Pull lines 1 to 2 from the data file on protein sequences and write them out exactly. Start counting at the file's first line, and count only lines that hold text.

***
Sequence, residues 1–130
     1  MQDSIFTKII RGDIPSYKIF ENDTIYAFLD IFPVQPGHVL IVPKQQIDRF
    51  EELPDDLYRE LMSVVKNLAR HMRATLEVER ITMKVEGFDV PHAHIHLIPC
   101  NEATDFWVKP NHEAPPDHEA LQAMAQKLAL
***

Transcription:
Sequence, residues 1–130
     1  MQDSIFTKII RGDIPSYKIF ENDTIYAFLD IFPVQPGHVL IVPKQQIDRF